Information Possibly Outdated
The information presented on this page was originally released on October 1, 2001. It may not be outdated, but please search our site for more current information. If you plan to quote or reference this information in a publication, please check with the Extension specialist or author before proceeding.
Prepare outdoor plants for spending time inside
MISSISSIPPI STATE -- Plants that have been outside all summer need special care before they are rushed inside this fall to protect them from cooler temperatures.
Norman Winter, horticulturist with the Mississippi State University's Extension Service at the Central Mississippi Research and Extension Center in Raymond, said outdoor plants should be eased inside.
"There is a tremendous difference in the light available to plants outdoors and indoors," Winter said. "Move them from their current location outside to a shady spot for a few days to allow them time to acclimate to the lower light conditions."
Before bringing plants indoors, check them carefully for insects. Outdoor plants can harbor pests that will damage them and have other insects that can take up residence in the house.
"You will be quite embarrassed if you invite the preacher over for dinner and roaches come crawling out of the plants to partake of the pot roast," Winter said.
James Jarratt, Extension entomologist, said ants, millepedes, roly-polies and cockroaches are often found in patio plants. Cleaning the pot and plant removes a lot of these insects and makes the potted plant a lot less friendly for them.
"Before you bring the plants inside, clean out all the dust, leaves and other debris that has settled on top of the soil over the summer," Jarratt said. "Elevate the pot and drench it with about a gallon of water. That much water should physically flush out any insects living inside."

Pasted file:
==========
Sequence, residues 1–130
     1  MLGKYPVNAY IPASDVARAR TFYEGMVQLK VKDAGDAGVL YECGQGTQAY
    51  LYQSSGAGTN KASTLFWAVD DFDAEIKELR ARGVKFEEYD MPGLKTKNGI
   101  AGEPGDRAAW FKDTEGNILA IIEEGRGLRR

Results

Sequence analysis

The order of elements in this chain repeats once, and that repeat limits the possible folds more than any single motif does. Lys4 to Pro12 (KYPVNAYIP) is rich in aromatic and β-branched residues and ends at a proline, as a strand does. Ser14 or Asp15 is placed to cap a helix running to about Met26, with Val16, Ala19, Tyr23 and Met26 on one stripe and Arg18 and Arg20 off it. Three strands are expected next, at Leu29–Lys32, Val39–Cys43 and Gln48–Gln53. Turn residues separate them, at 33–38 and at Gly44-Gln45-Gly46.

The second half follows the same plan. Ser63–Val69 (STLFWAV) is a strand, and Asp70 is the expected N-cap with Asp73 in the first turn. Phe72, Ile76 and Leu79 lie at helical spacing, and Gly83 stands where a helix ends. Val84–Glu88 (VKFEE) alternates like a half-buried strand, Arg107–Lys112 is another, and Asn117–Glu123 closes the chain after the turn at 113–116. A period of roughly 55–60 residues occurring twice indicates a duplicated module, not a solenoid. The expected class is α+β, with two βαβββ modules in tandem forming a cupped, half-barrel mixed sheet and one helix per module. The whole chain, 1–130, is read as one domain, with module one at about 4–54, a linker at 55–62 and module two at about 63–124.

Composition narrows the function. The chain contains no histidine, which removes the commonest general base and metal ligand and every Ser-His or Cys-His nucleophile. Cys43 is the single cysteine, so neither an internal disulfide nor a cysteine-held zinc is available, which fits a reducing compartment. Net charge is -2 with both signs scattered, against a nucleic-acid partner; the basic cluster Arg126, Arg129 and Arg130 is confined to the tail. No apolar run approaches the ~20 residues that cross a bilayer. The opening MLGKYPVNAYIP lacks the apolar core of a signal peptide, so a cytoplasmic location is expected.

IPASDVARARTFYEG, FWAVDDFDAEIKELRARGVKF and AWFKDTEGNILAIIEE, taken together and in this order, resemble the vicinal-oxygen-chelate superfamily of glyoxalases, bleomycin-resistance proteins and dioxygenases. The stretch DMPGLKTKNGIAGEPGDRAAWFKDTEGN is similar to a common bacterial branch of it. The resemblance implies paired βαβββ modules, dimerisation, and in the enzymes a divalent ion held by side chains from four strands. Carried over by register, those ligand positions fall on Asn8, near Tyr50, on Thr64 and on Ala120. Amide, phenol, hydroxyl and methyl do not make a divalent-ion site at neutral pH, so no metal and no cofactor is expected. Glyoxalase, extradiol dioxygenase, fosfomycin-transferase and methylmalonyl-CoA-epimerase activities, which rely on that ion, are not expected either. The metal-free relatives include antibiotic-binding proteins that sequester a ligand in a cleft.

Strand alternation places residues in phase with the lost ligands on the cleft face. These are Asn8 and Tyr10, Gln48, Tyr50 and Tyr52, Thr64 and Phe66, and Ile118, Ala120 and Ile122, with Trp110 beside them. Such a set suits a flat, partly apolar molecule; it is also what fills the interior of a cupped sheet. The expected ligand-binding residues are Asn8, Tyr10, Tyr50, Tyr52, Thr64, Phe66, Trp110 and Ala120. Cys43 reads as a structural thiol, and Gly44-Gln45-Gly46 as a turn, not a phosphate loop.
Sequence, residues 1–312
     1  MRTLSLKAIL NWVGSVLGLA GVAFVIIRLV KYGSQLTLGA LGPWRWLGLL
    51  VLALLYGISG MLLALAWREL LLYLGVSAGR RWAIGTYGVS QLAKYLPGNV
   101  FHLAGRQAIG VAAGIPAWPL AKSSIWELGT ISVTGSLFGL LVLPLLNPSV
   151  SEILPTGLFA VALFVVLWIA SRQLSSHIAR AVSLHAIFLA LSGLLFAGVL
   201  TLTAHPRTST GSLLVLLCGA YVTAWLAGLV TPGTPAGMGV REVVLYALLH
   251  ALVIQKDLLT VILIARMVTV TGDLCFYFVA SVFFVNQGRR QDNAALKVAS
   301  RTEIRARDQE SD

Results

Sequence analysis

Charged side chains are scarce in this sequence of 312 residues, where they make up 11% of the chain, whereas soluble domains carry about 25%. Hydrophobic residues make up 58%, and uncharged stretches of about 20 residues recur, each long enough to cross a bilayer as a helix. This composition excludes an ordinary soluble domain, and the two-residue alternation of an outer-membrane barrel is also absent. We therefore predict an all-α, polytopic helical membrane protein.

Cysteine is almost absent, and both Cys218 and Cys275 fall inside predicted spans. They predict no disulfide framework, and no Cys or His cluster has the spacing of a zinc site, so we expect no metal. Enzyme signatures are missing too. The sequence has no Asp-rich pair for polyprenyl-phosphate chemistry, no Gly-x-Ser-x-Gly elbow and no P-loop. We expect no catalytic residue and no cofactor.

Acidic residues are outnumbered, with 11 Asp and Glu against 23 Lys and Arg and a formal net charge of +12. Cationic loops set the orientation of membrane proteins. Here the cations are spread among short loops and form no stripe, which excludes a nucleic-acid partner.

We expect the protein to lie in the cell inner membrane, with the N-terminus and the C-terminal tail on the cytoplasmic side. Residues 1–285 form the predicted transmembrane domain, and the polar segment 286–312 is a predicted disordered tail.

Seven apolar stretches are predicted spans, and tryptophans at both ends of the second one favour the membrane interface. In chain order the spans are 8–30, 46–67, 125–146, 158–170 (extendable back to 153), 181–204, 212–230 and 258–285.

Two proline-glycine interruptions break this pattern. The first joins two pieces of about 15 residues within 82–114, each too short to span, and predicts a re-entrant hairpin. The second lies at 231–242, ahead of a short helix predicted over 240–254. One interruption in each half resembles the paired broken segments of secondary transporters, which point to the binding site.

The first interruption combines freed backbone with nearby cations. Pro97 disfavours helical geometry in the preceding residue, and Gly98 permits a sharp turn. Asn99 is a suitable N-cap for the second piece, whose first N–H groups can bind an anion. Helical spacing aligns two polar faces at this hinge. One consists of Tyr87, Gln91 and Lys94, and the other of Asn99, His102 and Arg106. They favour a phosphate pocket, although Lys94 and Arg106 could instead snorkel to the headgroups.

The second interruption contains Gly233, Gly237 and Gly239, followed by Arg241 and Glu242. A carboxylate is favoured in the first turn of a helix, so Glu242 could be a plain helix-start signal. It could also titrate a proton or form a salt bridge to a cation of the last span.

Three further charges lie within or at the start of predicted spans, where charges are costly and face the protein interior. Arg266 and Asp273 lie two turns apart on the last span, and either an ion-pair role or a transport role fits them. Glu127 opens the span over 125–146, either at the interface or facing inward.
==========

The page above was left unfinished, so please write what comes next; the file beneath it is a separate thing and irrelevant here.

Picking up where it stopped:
Winter also recommended thoroughly hosing down the outside of the pot and the plant to remove any other insects.
Fall is a very good time to repot plants that need it.
"Water the plant well so the soil sticks together, then knock the plant gently out of the pot and inspect the root system," Winter said. "If you have a really tight root ball, you may need to repot it to the next size container."
Repot with a light, sterile soil mix available at garden centers and nurseries. Heavy potting soils may be cheaper, but tend to hold too much water and don't provide the aeration, and water- and nutrient-holding capacity of the lighter soils.
"If the plant is already as big as you want it to get, trim both the roots and the plant," Winter said. "Prune the roots by one-third, then prune one-third off the top to match the root loss."
When bringing plants inside, remove any dead or diseased foliage, and pinch back growth for a tidy appearance. Plants don't grow as vigorously indoors, so they need less water. Never let the soil get soggy, but irrigate as needed so that water runs through the soil and out the hole in the bottom of the pot. Fertilize about every fifth watering using a dilute fertilizer mixed with water.
"The leading cause of death for indoor plants is over-watering," Winter said. "We are so used to pouring on the water daily when they are outside that we forget to check the moisture level indoors."